Preparing for a Tsunami

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Newport Beach Fire Department Assistant Chief Kevin Kitch briefs city staff members about the Incident Action Plan during Thursday's tsunami drill at the Emergency Operations Center at the Civic Center. Behind him are law and road conditions status boards and a situation summary board that were regularly updated by staff members during the exercise.
Newport Beach Fire Department Assistant Chief Kevin Kitch briefs city staff members about the Incident Action Plan during Thursday’s tsunami drill at the Emergency Operations Center at the Civic Center. Behind him are law and road conditions status boards and a situation summary board that were regularly updated by staff members during the exercise.
— All photos by Sara Hall

As part of National Tsunami Preparedness Week, the city held two events to prepare both residents and city staff for a disaster.

A group of about 30 residents gathered in the Evelyn Hart Event Center at the Oasis Senior Center in Corona del Mar Wednesday evening to learn more about local earthquake and tsunami threats and how residents can prepare for this natural disaster.

Newport Beach Emergency Services Coordinator, Katie Eing, chats with city staff members during the drill.
Newport Beach Emergency Services Coordinator, Katie Eing, chats with city staff members during the drill.

The workshop was lead by the city’s Community Preparedness Coordinator, Matt Brisbois, and Emergency Services Coordinator, Katie Eing.

Both were also part of the city’s tsunami drill Thursday at the new Emergency Operations Center at the Civic Center. Also involved in the drill were officials from the county, Newport-Mesa Unified School District, Orange County Transportation Authority and other OC cities.

“We want to take a coordinated approach to this type of event,” Eing said.

Thursday was the 50th anniversary of the 1964 Alaskan Earthquake. The 9.2 quake generated a tsunami, with the tallest wave reported at 229 feet, and killed 119 people. The event created six-foot waves in Orange County, Brisbois said.

To mark the anniversary, the city’s drill simulated the same kind of event.

City staff responded and went through all the appropriate actions as if it were real.

The drill was to make sure city employees are trained and ready to respond to a disaster, Eing said.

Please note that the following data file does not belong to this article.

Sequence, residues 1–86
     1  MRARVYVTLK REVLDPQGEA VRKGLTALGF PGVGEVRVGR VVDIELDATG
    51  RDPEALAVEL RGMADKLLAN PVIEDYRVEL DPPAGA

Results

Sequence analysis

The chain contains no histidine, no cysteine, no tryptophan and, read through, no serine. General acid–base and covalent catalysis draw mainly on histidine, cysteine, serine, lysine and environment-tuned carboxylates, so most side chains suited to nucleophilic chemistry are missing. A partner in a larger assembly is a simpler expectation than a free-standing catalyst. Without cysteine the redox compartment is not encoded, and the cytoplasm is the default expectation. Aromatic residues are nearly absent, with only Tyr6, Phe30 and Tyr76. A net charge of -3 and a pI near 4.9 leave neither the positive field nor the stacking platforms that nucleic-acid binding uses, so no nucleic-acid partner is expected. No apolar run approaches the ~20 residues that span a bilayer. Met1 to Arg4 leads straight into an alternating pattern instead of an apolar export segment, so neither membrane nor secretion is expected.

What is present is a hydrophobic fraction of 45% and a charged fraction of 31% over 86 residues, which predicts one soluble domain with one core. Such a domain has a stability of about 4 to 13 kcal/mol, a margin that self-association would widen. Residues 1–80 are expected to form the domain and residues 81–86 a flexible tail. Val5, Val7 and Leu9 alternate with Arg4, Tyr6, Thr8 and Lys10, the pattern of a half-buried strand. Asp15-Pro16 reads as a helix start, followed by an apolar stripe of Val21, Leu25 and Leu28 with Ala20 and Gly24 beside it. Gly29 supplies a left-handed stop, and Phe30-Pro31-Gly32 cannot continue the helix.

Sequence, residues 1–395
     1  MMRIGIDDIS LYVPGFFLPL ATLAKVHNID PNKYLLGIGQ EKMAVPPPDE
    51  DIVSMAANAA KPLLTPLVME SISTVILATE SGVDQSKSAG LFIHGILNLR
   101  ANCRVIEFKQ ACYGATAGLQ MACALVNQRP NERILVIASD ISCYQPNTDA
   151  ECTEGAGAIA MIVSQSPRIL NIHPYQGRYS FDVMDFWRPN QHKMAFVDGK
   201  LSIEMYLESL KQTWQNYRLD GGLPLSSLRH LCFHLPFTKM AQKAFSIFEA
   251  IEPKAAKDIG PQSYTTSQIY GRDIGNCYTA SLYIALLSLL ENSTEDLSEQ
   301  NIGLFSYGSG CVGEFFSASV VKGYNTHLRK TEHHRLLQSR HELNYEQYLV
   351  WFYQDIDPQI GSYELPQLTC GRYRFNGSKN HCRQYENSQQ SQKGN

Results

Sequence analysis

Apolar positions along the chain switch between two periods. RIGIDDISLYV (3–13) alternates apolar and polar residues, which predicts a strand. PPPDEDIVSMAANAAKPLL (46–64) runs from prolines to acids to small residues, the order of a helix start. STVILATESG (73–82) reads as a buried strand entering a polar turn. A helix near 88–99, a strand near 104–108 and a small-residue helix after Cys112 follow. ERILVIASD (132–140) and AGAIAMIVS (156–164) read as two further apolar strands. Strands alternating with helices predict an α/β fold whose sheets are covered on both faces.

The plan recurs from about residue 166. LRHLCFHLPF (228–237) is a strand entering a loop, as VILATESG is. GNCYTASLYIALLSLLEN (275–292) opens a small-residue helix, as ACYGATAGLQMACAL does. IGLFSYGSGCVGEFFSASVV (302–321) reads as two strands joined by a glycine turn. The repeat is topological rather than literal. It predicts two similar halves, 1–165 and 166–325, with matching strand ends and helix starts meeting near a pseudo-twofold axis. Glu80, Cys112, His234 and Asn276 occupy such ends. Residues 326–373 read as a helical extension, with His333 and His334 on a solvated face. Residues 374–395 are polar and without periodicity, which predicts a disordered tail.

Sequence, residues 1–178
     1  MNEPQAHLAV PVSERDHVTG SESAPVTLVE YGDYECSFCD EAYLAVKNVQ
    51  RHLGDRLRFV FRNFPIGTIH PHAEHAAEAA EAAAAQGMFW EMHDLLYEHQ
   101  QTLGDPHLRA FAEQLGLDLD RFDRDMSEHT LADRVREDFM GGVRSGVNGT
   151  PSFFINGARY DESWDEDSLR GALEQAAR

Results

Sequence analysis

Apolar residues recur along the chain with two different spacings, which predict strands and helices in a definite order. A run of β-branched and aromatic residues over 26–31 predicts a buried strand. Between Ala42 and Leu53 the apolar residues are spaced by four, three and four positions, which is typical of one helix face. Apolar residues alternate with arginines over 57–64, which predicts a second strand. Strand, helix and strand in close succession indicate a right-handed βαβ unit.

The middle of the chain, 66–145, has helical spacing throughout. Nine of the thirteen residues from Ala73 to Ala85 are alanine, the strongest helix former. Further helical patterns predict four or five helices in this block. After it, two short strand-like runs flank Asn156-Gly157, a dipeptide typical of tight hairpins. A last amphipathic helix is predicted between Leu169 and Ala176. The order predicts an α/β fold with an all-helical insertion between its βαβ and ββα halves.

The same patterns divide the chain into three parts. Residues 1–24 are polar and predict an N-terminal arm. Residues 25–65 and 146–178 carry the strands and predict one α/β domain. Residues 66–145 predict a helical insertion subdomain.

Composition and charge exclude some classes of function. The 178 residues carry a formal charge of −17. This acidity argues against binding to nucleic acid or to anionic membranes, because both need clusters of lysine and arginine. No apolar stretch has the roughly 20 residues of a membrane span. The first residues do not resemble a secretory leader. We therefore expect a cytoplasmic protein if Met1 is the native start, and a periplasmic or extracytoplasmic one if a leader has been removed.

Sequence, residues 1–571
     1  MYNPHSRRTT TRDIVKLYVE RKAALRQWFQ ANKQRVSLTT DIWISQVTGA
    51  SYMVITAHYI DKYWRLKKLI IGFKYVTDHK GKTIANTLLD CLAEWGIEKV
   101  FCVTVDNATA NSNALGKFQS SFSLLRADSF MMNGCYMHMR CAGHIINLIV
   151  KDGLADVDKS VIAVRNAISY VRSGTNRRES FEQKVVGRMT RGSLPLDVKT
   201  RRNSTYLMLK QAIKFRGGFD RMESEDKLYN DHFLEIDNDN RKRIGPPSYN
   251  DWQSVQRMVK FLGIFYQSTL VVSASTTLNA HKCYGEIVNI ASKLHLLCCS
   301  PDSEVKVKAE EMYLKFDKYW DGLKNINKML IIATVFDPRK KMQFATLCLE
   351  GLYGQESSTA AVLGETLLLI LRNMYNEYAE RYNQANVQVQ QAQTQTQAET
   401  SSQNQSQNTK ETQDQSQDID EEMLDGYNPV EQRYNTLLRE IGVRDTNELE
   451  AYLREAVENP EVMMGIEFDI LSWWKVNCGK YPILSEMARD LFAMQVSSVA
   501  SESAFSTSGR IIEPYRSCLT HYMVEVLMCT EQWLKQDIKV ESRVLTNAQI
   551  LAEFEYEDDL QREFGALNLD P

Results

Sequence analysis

Newport Beach Community Preparedness Coordinator, Matt Brisbois, speaks with residents after the workshop.
Newport Beach Community Preparedness Coordinator, Matt Brisbois, speaks with residents after the workshop.

According to disaster records dating back to the early 1900s, tsunami waves have come ashore here, Eing said at the workshop on Wednesday.

“So we’ve had everything in Newport Beach,” including hurricanes, tornadoes and landslides, she said. “You name it, we’ve had it, we just haven’t had it lately.”

It’s important residents and city employees are prepared for a tsunami or other disaster, she said.

At the first sign of shaking, Brisbois recommends turning on an AM/FM radio. An emergency broadcast will have the latest info and let locals know how close the quake was, allowing them to determine how much time they have to evacuate.

If the tsunami is pacific-wide and a warning was issued, residents should head to about 150 feet above sea level or one mile inland, Brisbois said. If it is a local tsunami and the quake occurred just offshore, residents need to head upstairs or to the nearest high ground immediately.

There is little to no time to warn residents if it is a local tsunami, Brisbois said.

NBPD Lieutenant Tom Fischbacher (left) and NBPD Chief Jay Johnson talk strategy during the drill.
NBPD Lieutenant Tom Fischbacher (left) and NBPD Chief Jay Johnson talk strategy during the drill.

A pacific-wide event may allow enough time for officials to send out an alert and  for residents to evacuate.